Wrexham and Flintshire councils have remained under no overall control, while the Conservatives saw off a challenge from the Lib Dems to hold on to Somerset County Council – although leader John Osman was ousted by Lib Dem former MP Tessa Munt.

Among battles to watch out for on Friday are the SNP’s attempt to seize control from Labour in Glasgow – and the Conservatives’ bid to take back overall control of Norfolk County Council.

For the first time, voters in Greater Manchester, the Liverpool City region, the West Midlands, Tees Valley, the West of England, and Cambridge and Peterborough will elect “metro mayors” covering combined local authority areas.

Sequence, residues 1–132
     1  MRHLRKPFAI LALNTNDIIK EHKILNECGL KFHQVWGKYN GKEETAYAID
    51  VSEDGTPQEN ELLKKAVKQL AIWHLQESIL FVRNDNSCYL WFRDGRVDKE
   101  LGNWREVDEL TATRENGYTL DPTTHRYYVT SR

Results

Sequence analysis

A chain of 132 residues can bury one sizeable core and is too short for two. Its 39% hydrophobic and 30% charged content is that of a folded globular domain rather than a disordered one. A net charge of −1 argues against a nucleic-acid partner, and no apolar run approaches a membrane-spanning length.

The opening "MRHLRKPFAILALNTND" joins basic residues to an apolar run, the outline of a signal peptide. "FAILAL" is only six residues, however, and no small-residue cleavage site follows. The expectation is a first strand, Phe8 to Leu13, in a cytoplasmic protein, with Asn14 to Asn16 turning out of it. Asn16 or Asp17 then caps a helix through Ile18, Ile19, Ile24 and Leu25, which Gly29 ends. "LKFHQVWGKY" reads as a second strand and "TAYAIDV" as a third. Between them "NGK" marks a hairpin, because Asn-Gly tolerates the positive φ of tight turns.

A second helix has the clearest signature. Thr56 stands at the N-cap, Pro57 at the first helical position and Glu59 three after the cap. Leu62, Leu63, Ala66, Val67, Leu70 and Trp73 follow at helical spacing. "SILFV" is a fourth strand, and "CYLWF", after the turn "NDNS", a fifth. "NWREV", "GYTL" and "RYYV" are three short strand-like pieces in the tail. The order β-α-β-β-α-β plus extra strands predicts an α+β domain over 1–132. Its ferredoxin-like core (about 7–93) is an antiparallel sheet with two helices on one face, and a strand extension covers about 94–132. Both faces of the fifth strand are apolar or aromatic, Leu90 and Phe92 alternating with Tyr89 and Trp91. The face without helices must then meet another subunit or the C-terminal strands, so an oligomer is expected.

Andy BurnhamImage copyrightGETTY IMAGES
Image captionAndy Burnham is bidding to be the first Manchester Metro mayor

The mayors will mostly be responsible for economic development, but some will have powers over transport and housing.

Former Labour cabinet minister Andy Burnham, who is stepping down as an MP, hopes to become Greater Manchester’s first elected mayor while in the West Midlands, former John Lewis boss Andy Street is running for the Conservatives while Sion Simon hopes to secure the role for Labour.

This is a year of county council elections in England (34 councils, 2,370 seats). There were also polls in six unitary authorities where county councils and district councils have merged.

In Scotland, all 32 councils (1,227 seats) and all 22 councils in Wales (1,254 seats) were being contested.

In Doncaster and North Tyneside, residents voted for local authority mayors, who are elected leaders of their respective councils.

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Read more at BBC.co.uk